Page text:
Thursday, February 28, 2013

Natural Law and Same-sex Marriage

Douglas Wilson and Andrew Sullivan had a debate on gay marriage last night. I assume that video and audio will be coming soon. I disagree with central aspects of Peter Leithart's take on it, even without having seen the debate yet. Primarily I disagree with Leithart's bizarre assertion that "the only arguments [Christians] have are theological ones." What is Marriage by Robert P. George and friends is sufficient on its own to put that notion to bed.

Given a previous and subsequent post, it's clear Leithart has David Bentley Hart's most recent piece -- on the futility of natural law arguments in the public square -- in the front of his mind, here. Which would be fine, except Leithart seems to be taking Hart's perfectly cogent argument and distorting it for strange ends. When two parties share basic metaphysical assumptions (as Wilson and Sullivan do, putatively), Hart's argument is largely inapplicable to that particular situation. Hart never suggests that natural law reasoning can claim no valid purchase between and among fellow Christians, who are committed to certain shared assumptions and principles. His point is about the inability of natural law reasoning to cut across -- and demand fealty from -- those who operate outside those fundamental presuppositions. This in addition to the idea that such arguments -- even if they may be valid in individual circumstances, as here -- when their total force is pitted against certain monstrous cultural currents, they will prove ultimately impotent.

While waiting for the actual debate footage to roll out, I read Douglas Wilson's prepared comments, which seem pretty devastating for Sullivan. Though George and friends are more precise, and though they marshal a wider array of strong arguments, Doug's rhetorical flair serves him well here. Both George and Wilson contend that marriage revisionists (or SSM advocates) are left with no cogent grounds for rejecting polygamy, given their stated case in favor of SSM. That Sullivan believes “monogamy is central to all marriage”, and yet is indignant that others believe the same about sexual complementarity, is stunning hypocrisy and utterly arbitrary. “My arbitrary discrimination against consenting adults who are in love and who want to get 'married' is OK, but yours isn't!” This is Andrew Sullivan. And Wilson teases this hypocrisy out brilliantly.

Polygamy actually has a much more robust track record of being accepted and codified by many societies throughout history, so it's much more difficult to make the case -- from a detached anthropological vantage -- that monogamy is inherent to what marriage is than it is for sexual complementarity. And the Biblical record (taken apart from Holy Tradition, which neither party here has high regard for) is infinitely more amenable to polygamy than it is to homosexual marriage. (Although, with the light of the Church, both are equally out of bounds.)

With that said, this only shows that Andrew Sullivan and most marriage revisionists are inconsistent in their reasoning and application of their principles. This doesn't cut to the heart of the matter, like What is Marriage? does. WIM goes on to deal with the consistent, principled libertarian who says "yes, polygamy is fine too", or "get the state out of marriage altogether" and shows why they're wrong as well. Such is the nature of live debates, I suppose. That is: relatively limited and inadequate. Still, I'm glad the issue is being debated seriously in public forums by personalities of stature.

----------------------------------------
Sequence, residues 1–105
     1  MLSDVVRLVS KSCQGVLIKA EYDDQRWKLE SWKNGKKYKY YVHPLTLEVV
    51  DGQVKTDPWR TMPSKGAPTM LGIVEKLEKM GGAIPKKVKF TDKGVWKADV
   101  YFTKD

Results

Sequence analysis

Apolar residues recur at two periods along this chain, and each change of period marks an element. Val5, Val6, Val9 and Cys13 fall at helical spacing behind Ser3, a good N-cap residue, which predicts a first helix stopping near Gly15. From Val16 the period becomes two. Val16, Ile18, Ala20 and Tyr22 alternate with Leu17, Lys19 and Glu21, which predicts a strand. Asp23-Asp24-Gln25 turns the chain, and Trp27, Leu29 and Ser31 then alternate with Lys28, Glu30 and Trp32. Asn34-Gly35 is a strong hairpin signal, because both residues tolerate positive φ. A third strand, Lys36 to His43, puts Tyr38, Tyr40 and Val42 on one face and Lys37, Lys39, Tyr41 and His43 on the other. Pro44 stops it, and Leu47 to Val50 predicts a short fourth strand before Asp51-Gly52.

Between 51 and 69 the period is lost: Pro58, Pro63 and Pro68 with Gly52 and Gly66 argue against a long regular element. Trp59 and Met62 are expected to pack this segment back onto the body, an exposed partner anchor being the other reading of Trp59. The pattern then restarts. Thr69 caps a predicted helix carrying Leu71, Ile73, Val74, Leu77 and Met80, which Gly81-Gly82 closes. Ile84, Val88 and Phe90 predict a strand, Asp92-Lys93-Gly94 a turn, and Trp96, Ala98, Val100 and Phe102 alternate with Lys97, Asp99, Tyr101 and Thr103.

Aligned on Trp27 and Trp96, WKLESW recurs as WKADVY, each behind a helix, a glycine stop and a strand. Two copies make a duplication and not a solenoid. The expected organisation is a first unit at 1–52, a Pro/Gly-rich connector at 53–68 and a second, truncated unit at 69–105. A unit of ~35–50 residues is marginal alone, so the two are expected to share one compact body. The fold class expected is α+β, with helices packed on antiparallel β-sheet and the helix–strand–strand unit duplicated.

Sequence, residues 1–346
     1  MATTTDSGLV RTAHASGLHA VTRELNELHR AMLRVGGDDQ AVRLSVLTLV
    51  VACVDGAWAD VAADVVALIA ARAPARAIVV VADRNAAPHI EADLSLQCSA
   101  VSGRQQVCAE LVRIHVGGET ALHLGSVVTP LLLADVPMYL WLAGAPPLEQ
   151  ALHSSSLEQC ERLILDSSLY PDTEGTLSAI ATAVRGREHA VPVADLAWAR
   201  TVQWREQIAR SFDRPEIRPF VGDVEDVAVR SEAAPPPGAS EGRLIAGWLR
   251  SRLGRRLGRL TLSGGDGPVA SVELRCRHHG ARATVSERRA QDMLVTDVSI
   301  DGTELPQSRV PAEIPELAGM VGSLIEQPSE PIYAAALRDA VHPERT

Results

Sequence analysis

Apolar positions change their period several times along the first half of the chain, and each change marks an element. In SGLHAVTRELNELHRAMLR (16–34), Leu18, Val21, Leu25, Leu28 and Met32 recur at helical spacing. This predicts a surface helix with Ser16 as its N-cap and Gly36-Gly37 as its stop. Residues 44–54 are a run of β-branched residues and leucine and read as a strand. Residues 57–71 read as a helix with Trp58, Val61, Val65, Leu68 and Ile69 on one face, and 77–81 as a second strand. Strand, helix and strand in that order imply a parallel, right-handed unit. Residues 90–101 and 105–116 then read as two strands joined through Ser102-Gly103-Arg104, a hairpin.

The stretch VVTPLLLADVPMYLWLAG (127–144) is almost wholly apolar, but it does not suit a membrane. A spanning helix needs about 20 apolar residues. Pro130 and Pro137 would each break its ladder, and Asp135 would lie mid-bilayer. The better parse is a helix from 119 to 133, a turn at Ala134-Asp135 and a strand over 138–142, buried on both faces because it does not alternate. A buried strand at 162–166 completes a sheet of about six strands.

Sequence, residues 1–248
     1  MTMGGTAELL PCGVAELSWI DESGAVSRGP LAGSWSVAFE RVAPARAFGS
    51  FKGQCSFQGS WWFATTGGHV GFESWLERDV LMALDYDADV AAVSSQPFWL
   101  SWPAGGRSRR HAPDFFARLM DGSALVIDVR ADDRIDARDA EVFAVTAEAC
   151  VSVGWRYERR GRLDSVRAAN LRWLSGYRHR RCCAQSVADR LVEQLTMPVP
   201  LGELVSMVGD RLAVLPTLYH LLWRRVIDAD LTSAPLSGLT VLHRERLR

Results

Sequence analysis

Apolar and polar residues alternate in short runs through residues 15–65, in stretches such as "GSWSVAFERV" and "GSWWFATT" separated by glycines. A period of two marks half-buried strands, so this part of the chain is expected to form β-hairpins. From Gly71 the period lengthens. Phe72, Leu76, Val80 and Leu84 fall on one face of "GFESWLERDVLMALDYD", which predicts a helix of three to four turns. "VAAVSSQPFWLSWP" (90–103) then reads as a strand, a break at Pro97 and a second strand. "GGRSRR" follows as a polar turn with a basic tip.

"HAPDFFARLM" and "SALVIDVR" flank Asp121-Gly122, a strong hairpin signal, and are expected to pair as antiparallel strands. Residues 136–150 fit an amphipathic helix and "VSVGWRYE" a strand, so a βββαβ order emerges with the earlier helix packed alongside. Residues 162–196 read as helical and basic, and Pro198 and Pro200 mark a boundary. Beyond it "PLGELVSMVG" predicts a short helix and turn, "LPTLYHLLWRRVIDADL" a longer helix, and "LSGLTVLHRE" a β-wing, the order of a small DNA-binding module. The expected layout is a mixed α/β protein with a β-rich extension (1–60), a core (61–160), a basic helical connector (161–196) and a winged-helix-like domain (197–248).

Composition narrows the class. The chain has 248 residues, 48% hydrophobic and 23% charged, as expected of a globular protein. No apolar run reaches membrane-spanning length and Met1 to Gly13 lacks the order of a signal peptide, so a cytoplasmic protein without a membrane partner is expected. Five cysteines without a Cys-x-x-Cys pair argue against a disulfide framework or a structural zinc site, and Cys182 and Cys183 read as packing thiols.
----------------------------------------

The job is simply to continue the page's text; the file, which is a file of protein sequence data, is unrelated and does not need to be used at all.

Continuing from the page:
1. I hadnt been aware of the debate that you haven't seen yet, but I'm glad to see some of your analysis of DBH's article on natural law. I hope you give us a fuller treatment soon. I haven't done justice to the article yet in my reading, nor to some of the chatter in response to it. But did you see Mr Snell's all-out against Hart at I read a few paragraphs of his first swing at Hart and had this sinking sense that snell Was out to lunch. But since I haven't read well any of the articles, I may well be further out on the lunch spectrum than anyone.
    Hey, I'm enjoying your posts about your journey East. I'm not there at all, but I how

    1. I wonder how the East finds ways to laud the work of aggression in war and politics? I guess this is a thoroughly incomplete comment, and I'm texting from the work truck, but God is love and Jesus calls people to "resist no evil"

    2. (your combox is acting strange=disjointed comment) so, god isn't so much punitive over sin but rather triumphant over death through death, why doesn't that translate into a doctrine of discieship where men also triumph over sin an death, in Christ's footsteps, by not being punitive over sin (via war and law) but simply bear the wrong, just like Jesus did? Well, it's almost lunch break, so fairer climes are calling.....

    3. Hey Ben. Thanks for commenting. Yeah, I read Snell's pieces at Public Discourse (I like the work they do) and I agree with your preliminary assessment. He doesn't really get Hart's argument and is mostly talking past it. Like Leithart, he seems to be taking Hart's argument to be more expansive than it actually is.

    4. As for your comments on the East's view of war and politics, I'm not too well-versed on the issue. My own view is that while Christians are called to do those things (i.e. humbly submit and suffer in order to conquer sin and death through the power of the cross) in our own lives, governments wield the sword for a reason and is ordained to do so by God. This of course doesn't mean any actions they take are just, or that wars of aggression are cool or anything, but governments are not individuals and shouldn't be approached as if there is no difference.